This year’s APS-DPP conference was a special one for the MFE-IM group, as it was the first time since the formation of the group with significant MFE-IM presence. In Denver (CO), MFE-IM students, postdocs and scientists enjoyed meeting with collaborators, learning what the US fusion community is up to and getting feedback on their research. Apart from numerous co-authorships, MFE-IM members presented six first-author contributions:
Audrey presented a numerical investigation of turbulence dynamics to help validate transport models against experiments. The common assumption of incremental diffusivity (how the electron heat flux responds to variations in electron temperature gradients) being equal to heat pulse diffusivity (derived from heat pulse propagation experiments) is challenged in Audrey’s work. She talked about the importance of the evolution of ion temperature during electron heat pulse propagation experiments, the radial sensitivity of the inferred diffusivities and the effect of collisionality. Audrey’s work points towards a more careful consideration of these issues when interpreting experiments and comparing them to simulation in model validation studies.
Arsene presented results of calculations of impurity coefficients of diffusion (D) and convection (v) in DIII-D H-mode plasmas as a function of the charge state Zimp.
The results showed specific trends of D(Zimp) in ITG and TEM dominated plasmas. D(Zimp) ~ Zimp in TEM and D(Zimp) ~ 1/Zimp in ITG, consistent with previous gyrokinetic modeling results. Linear stability was calculated using the CGYRO and TGLF models and transport coefficients were obtained utilizing the TGYRO solver.
Next steps will consist of calculating the transport coefficients with non-linear CGYRO and validating results against experimental measurements in the DIII-D tokamak. This work aims at contributing to a better interpretation of impurities’ emission in future tokamak devices, which are anticipated to be mainly ITG dominated.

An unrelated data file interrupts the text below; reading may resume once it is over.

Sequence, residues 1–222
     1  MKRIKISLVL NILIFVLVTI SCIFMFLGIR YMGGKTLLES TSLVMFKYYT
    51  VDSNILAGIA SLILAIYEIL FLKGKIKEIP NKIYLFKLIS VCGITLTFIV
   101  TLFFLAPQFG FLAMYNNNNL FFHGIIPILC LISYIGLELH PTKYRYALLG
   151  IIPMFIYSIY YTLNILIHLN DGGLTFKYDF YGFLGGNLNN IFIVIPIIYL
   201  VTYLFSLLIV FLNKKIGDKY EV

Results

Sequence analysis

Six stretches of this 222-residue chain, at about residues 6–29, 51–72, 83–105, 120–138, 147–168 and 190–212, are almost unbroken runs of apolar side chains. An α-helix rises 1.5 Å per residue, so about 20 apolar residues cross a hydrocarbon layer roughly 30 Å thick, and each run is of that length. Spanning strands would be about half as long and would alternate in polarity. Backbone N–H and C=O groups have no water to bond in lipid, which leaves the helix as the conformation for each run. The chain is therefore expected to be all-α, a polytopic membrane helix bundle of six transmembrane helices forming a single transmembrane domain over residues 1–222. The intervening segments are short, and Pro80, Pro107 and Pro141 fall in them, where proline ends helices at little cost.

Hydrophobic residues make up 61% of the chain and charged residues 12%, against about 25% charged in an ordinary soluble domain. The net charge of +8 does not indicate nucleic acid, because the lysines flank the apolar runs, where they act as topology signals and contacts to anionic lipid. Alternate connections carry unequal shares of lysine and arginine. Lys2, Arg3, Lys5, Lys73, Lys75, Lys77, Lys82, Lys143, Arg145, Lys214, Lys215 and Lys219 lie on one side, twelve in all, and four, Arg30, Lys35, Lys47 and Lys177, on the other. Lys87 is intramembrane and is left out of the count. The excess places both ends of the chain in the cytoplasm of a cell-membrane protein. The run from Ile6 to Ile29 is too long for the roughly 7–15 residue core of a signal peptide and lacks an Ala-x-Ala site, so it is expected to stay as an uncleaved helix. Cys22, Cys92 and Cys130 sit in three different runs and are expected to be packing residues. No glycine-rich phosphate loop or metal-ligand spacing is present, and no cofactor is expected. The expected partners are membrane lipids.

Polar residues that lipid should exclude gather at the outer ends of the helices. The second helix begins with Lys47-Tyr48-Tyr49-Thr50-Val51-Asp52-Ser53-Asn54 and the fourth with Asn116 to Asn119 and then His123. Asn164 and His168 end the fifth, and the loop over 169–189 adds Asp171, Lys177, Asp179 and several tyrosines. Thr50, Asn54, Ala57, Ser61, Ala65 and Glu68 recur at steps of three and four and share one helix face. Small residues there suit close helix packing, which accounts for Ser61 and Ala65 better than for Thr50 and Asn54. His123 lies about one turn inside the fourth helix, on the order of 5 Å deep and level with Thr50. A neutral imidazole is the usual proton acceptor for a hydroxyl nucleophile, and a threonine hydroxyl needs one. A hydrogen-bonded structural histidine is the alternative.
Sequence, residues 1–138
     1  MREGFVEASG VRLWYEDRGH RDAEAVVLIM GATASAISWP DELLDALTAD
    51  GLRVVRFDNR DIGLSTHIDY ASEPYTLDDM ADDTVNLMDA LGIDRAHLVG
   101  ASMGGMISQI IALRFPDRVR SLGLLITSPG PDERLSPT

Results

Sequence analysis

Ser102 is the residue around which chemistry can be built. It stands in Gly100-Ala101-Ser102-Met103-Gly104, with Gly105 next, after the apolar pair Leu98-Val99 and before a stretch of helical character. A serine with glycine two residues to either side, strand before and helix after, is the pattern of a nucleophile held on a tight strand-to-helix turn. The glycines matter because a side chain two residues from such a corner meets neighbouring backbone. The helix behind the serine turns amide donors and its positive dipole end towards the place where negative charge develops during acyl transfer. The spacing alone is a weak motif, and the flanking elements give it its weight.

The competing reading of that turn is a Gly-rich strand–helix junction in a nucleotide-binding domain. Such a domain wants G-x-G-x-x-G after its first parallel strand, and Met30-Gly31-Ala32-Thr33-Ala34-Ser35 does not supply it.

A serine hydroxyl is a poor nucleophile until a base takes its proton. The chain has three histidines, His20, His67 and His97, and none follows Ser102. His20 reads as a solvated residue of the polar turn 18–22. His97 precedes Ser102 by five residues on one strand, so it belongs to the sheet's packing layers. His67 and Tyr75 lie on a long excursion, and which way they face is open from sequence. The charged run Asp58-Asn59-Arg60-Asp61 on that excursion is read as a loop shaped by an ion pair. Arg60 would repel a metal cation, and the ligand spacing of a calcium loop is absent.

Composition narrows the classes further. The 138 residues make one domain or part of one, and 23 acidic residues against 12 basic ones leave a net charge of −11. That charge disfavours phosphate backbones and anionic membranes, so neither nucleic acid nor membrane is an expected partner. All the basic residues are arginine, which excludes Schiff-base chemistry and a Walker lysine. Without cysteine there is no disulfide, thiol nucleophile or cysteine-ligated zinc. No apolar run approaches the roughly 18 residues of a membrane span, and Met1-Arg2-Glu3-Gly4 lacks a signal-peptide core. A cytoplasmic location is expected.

Nathan presented predictions of performance in SPARC, ITER and ARC-class reactors using non-linear gyrokinetic simulations and the PORTALS framework, which leverage recent advances in GPU acceleration and surrogate-optimization techniques.
The simulations predicted Q~8 burning plasma conditions in SPARC PRD with ITG dominance in the core. For the density peaking, excellent agreement was found with empirical scaling laws. ITER Baseline Scenario was also predicted to achieve its burning plasma conditions with Q~10 and 500 MW fusion power. The ITER simulations pointed to potential optimization and suggested a lack of isotope effects in the core turbulence.
Nathan also discussed results for ARC-class reactors, which show similar features to other inductive burning plasmas. These results suggest that ITER and SPARC operations should directly inform ARC operational space.
Marco had a contributed poster with various integrated modeling studies of SPARC plasmas.
Comparison between SPARC PRD performance with different antenna geometries was investigated with TRANSP+TGLF+TORIC. The results show minimal changes (below 5%) with 1 on-midplane or 2 off-midplane ICRH antennas, consequence of transport stiffness and small near-axis volume.
A comparison between TRANSP and ASTRA simulations of the SPARC PRD scenario with same heat fluxes revealed different kinetic profiles predictions, pointing to discrepancies in the transport solvers. This was further investigated with TGLF standalone simulations, building confidence in the ASTRA predictions. Furthermore, an optimal range of numerical diffusivity in ASTRA to aid convergence was found, demonstrating that the flux-matching solver is robust.
Future work includes the construction of an extensive database of SPARC predictions, including scans of impurity content, and the coupling to fast transport models, free-boundary solvers and heating modules.
Pablo delivered an invited talk on the use of first-principles turbulence simulations to help the planning of the first campaign in SPARC. This was enabled by the PORTALS framework, together with the GPU-accelerated CGYRO code to model nonlinear gyrokinetics. Pablo discussed how the reduced cost of the predictions allowed the study of a dozen core scenarios in non H-mode conditions in SPARC. The simulations results are being used to help plan how to best operate SPARC during the first campaign to achieve performance goals, i.e. breakeven (Q>1) for the first time in magnetic confinement fusion.
Audrey had double duty at this year’s DPP meeting. She presented, on behalf of her team, the Altator project, a new toroidal outreach device being designed, built and operated by PSFC graduate students. This device will serve to teach the main concepts of magnetic confinement fusion to the main public and students when visiting MIT and the PSFC. Graduate students on the Altator team, regardless of their main research (experimental, modeling or theory), are having hands-on experience in the lab, which they pursue as a side project.